Katie Scott - Illustration and Visual Media
In the final stages of the DPS year everyday begins and ends almost the same. For some it’s staring out of a confined window in a tiny flat, or spent waking up in a crowded family home that so many years were associated with childhood, the aroma of coffee brewing in a background of chaos and confusion.
Articulated in my last presentations, this year has been an existential development in my practise and approach to a plethora of ambitions and projects. As we all adjust and adapt to our idea of what the new normal may look like, we’ve all made sacrifices somewhat to the way we think and the way we do. This hasn’t necessarily been made easy or pleasant as studios of all kinds are unavailable and the lack of funding has prevailed the industry and students are left with nothing but a pile of debt as they graduate without a degree show and enter into a significantly depleted industry.
However, pausing the concept of restriction at this moment in time, we may all rather account for the things we do have access to and the things we have within our reach. Like in all creative movements there have been orchestras of rebellion in communities, cultures and social groups and this can be determined in this global crisis we are currently in. What I mean is that artists by nature are problem solvers, innovators, inventors - constantly coming up with solutions and pathways that construct ‘new’ normals.
The ways in which I have approached these last project proposals have taught me resilience and commitment to my work I had never experienced in my placement with Dazed at the beginning of the year or any of my formal trials and job interviews. This expansion has been created through this restriction, and I have been witnessing the industry and myself communicating to our new realities in a more ‘civilised’ and thoughtful manner. Learning to listen and respond to our environments more than before, egos and charisma no longer idolised over common sense and integrity towards achieving creative solutions.
I can be bold enough to claim this as over the last month I have been day in and out contacting individuals all around the World, discussing these lessons that have been consumed since the pandemic claimed our livelihoods and naive innocence many months ago. Listening, and really listening, talking to people who I have never spoken to before, or didn’t much before, has been a huge milestone - learning what I want my work to communicate and more importantly, who do I want my work to serve?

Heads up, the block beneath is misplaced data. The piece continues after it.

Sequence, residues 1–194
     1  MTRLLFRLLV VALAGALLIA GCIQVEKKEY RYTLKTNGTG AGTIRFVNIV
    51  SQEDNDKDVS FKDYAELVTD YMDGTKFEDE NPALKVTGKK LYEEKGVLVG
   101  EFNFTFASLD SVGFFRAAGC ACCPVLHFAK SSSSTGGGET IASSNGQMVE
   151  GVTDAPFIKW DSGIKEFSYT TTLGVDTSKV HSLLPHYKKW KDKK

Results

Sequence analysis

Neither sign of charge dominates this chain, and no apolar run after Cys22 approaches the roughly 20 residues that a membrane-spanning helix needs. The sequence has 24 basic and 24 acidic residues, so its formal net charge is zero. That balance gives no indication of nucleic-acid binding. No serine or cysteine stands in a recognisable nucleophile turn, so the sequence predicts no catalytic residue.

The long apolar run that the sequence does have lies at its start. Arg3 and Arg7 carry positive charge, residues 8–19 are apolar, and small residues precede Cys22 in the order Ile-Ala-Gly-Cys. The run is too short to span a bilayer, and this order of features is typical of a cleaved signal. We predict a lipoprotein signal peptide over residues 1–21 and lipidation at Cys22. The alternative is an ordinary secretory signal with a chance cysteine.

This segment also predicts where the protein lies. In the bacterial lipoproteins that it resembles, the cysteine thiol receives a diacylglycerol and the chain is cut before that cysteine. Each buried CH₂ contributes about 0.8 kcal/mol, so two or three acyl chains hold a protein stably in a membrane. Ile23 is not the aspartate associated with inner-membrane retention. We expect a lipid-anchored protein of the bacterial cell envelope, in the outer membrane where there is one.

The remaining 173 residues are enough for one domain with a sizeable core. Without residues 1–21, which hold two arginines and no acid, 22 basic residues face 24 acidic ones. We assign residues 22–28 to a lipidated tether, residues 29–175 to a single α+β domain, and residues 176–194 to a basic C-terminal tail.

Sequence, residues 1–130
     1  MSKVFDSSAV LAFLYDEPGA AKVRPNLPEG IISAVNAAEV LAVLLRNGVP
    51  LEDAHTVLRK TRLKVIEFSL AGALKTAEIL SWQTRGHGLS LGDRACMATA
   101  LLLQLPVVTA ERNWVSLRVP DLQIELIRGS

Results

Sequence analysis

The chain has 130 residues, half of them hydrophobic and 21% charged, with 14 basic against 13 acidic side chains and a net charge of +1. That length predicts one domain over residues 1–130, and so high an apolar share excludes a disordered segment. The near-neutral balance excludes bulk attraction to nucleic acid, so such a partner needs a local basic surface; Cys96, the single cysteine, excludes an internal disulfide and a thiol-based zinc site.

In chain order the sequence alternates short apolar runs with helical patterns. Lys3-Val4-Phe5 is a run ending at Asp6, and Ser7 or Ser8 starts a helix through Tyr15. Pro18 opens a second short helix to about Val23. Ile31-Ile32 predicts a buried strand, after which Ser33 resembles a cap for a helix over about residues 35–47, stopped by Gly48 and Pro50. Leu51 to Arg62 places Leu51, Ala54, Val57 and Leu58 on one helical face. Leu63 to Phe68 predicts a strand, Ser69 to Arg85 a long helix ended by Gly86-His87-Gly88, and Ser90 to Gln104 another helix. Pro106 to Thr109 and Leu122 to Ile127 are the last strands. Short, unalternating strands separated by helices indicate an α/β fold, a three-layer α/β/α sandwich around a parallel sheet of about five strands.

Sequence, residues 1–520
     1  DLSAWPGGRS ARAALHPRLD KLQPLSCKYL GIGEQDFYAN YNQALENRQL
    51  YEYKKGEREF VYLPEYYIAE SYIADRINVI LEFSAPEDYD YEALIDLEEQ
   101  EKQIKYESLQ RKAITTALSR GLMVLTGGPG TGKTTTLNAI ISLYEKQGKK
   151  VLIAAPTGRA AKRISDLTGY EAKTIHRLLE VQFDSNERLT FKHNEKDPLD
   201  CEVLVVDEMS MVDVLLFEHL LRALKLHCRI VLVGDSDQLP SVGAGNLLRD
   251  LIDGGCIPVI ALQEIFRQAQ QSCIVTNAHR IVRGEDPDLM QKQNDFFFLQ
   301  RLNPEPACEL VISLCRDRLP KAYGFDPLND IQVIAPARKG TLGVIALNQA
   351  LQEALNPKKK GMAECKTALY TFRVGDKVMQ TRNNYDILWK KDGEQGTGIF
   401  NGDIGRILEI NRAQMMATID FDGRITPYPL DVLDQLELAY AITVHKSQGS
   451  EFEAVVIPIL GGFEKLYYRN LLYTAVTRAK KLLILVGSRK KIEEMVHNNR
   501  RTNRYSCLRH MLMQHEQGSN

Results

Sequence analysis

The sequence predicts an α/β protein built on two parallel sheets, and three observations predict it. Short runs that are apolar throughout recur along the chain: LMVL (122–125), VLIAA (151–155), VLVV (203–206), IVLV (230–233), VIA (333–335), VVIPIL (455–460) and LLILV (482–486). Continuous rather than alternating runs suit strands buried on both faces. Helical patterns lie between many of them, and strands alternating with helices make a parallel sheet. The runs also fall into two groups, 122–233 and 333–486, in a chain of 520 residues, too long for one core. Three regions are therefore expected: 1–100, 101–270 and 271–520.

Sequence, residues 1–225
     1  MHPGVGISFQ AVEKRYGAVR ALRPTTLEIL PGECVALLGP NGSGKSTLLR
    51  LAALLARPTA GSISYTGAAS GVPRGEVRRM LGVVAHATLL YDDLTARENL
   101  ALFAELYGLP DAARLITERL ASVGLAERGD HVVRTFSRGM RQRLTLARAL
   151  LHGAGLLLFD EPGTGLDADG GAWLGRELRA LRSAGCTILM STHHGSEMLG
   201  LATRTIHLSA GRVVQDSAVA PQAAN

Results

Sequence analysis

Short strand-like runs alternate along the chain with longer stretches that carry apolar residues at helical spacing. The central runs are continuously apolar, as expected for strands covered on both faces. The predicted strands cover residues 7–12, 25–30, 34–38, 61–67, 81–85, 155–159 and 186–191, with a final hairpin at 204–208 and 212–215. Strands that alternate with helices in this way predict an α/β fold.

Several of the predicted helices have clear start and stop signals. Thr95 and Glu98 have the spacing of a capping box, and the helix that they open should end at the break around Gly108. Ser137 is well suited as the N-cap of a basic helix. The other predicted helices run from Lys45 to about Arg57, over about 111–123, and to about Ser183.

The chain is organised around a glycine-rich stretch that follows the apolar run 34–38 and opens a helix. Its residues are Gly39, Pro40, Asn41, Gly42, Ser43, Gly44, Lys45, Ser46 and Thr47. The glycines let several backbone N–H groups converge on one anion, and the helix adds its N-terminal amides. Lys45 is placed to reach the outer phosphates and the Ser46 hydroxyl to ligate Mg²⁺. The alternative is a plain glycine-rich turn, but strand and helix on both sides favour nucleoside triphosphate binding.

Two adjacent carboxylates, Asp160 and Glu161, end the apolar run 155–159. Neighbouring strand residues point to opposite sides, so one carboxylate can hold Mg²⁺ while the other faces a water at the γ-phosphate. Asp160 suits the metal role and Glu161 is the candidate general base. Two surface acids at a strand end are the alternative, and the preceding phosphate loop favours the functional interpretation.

Authenticity to me now describes objects and experiences that are profound and effective to give back to people, our vulnerable planet and the ecosystems that exist under our failed capitalist regimes. I feel this has been important to acknowledge as beyond this next 6 months or year, this virus will continue to effect our lives as we are encouraged to live each day as it comes. In fear of what we still have left to loose or mourn what already has been lost. Therefore, as we lose this control we identified with pre COVID19 in coherence to our calculated sums of success and fortune, we must learn to make the most of the things we do have, at no extra cost, money or other.
Working on now a few developmental journals including coding, film making and photography, as we approach the concluding months of DPS I have used this time in lockdown to improve my core skills in all of these avenues which I am excited to share, while also building relationships in all of these sectors, perhaps more successfully than I had done before the pandemic. The visual documentary I am still working on and will be developing further into June has expanded on my communication with others and opened up my skills whilst collaborating. From this, I no longer consider myself as a one woman practitioner as I begin to address that my work is greatly inspired by others and how these connecting bridges really do turn a good project into a great one.
My more independent practise has also pushed forward my thesis subject discussing technological anthropology in the creative arts. Ending the extended five week intensive online coding course, I have been able to take my interests and knowledge into a profession that I was somewhat intimidated by before. I will continue this academic journey using code into new projects as I have discovered a new and accessible way to draw ideas that are made using this complex visual language available to everyone, and is also free. Community has been emphasised in this pathway I hadn’t anticipated, as the threads of community that push creative code are incredibly open and up to challenges presented by individuals online in contrast to other creative communities. This has been greatly encouraging as prior to this, the emphasis on competition and rivalry was more than off-putting. Of course this element exists and should be ‘embraced’ in most industries, however it is refreshing to be presented with a progressive outlook on professional relationships and approaching work with nothing but open-mindedness and good intention.
Practising photography, the subject I was most set on pursuing for the last two years has in a way been overshadowed by my discovery of a multi faceted practise. I have discovered that photography is an element of my practise however something that should be paired with other professions and skills as I know to seek joy, pleasure and discovery through other modes of visual communication. In a way this element I’ve discovered has allowed me to see the future perhaps more positively as I’m not restricted to one role or skill. This is perhaps the greatest thing I have discovered through DPS, it’s a great thing to constantly learn and reach new depths through exploration of the unknown and simply pursue your interests - don’t necessarily chase them if luck doesn’t come knocking.